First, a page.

GRAND JUNCTION, Colo. (CBS4) – One person is still in the hospital and two dozen families are still not being allowed to go home after a punctured gas line in Grand Junction caused a home to explode on Tuesday.
Xcel Energy crews were still on scene Wednesday evening. Officials said the gas line was so pressurized that it shot gas under the road and around homes. There was so much gas that crews were still detecting dangerously high levels on the road and around some homes.
CBS4’s Jeff Todd talked to one of the people who managed to escape with burns. He asked explosion survivor Kolby Gimmeson why his destroyed home was the first place he wanted to go after he was released from the hospital.
“Because this is all I have, this is the only thing left. I wanted to see if I had my phone left, insurance papers. I just found out I don’t have anything at all,” Gimmeson responded.
Gimmeson, a college student, said he smelled what he thought was onions all morning, and a roommate lit incense to get rid of the smell inside their home. That’s what ignited the house.
“I hit the ceiling, there were flames everywhere. I could barely even see out of my eyes,” Gimmeson said. “I saw the flames start on this side, it definitely got my roommate the worst, came across the couch, I covered my face right here, came across me, got my arm and then it got to the back vent and exploded the couch up, and then threw us out,” he said. “I’m missing a lot of skin on my arm here and as you see my face is pretty bad too … my hair was on fire and I had to shake it out.”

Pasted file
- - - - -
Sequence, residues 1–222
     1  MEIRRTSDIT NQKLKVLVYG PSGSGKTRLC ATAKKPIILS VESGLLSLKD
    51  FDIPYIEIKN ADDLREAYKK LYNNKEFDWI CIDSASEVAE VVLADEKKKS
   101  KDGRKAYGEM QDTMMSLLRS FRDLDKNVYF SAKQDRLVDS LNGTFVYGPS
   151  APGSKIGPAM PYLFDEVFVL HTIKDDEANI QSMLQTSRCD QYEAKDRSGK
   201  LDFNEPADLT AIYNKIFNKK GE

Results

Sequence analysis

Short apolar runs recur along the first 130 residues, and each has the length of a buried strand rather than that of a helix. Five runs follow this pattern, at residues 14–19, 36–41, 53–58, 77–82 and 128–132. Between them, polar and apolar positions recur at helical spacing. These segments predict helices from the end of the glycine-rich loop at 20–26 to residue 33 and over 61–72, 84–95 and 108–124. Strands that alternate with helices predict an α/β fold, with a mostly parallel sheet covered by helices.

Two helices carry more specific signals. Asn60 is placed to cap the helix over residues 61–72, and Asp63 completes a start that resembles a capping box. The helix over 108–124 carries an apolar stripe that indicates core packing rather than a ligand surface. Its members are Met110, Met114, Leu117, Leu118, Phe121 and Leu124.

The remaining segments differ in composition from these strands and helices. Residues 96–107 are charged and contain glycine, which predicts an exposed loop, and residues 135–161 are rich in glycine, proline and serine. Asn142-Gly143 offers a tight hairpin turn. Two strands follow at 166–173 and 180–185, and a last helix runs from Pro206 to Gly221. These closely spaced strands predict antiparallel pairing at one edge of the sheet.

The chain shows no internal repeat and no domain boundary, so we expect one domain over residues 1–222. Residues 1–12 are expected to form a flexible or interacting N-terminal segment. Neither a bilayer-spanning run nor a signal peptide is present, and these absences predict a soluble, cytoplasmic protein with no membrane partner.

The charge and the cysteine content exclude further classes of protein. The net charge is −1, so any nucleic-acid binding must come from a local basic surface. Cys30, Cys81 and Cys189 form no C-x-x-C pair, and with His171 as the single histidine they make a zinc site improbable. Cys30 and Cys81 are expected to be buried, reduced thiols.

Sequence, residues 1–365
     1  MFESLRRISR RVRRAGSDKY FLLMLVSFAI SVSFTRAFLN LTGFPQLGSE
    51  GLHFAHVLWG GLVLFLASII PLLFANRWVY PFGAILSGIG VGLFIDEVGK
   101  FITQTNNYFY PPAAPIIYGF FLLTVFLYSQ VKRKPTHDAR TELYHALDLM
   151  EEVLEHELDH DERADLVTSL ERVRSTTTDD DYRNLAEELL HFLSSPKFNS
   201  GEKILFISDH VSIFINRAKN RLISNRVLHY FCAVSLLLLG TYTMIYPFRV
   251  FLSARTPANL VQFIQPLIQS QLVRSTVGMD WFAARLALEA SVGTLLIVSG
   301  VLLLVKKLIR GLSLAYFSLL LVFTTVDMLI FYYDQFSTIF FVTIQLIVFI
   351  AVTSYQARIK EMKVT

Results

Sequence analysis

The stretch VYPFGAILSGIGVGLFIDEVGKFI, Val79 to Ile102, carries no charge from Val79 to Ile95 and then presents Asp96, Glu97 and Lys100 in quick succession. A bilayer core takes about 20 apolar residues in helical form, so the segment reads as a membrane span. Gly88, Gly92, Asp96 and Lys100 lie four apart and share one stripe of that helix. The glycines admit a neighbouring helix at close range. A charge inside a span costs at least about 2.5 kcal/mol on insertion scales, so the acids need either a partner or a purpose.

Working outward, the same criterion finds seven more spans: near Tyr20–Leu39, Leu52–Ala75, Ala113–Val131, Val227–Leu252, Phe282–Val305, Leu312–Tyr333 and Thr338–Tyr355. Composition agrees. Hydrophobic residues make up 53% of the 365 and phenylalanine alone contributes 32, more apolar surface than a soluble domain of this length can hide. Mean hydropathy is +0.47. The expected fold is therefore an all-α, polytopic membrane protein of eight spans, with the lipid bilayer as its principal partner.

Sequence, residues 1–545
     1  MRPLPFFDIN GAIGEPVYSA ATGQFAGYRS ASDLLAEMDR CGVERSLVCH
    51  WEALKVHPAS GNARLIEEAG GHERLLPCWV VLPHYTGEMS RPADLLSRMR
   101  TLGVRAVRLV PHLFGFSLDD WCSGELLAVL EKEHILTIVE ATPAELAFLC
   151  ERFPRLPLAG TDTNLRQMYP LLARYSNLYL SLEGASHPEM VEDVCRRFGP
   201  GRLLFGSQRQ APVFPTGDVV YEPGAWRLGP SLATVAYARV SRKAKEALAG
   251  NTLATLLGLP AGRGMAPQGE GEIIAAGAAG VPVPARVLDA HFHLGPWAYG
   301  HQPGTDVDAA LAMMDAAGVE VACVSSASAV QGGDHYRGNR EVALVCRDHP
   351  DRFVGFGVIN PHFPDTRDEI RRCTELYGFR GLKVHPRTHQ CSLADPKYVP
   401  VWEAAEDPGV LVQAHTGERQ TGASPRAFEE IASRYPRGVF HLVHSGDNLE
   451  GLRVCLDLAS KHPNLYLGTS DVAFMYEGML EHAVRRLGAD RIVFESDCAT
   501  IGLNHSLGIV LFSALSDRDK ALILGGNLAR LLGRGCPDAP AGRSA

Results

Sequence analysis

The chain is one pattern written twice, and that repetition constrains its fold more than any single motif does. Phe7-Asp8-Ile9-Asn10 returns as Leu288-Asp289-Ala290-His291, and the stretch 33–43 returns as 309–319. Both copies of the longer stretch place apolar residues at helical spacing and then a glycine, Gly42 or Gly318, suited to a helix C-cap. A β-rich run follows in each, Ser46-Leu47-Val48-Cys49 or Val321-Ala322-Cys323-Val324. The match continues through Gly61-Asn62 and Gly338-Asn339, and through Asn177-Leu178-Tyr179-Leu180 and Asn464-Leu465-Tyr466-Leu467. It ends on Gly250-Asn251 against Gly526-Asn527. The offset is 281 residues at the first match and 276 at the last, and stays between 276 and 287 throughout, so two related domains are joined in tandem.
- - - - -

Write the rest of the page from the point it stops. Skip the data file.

As Gimmeson came back to what used to be his home, work was still being done in the neighborhood. Pockets of gas remained underground and Xcel Energy says it’s too dangerous to let other residents back in.
The gas got into the ground and sewer system after a subcontractor for the city drilled into a gas transmission line while attempting to install a conduit under the road for a new traffic signal.
FULL INTERVIEW VIDEO: House Explosion Victim Says He Hit The Ceiling
“I don’t know who was in charge of the drilling going on, but when I was thrown out of the house there were already five fire trucks sitting there,” Gimmeson said. “And if there was something going on then they definitely knew it was a big situation going on. They definitely should have done a better job warning the neighborhood before doing any drilling or opening any fire hose or anything.”
The city said there is an investigation under way with a range of agencies, not just to find out how the house exploded, but how the subcontracting crew was able to rupture the line.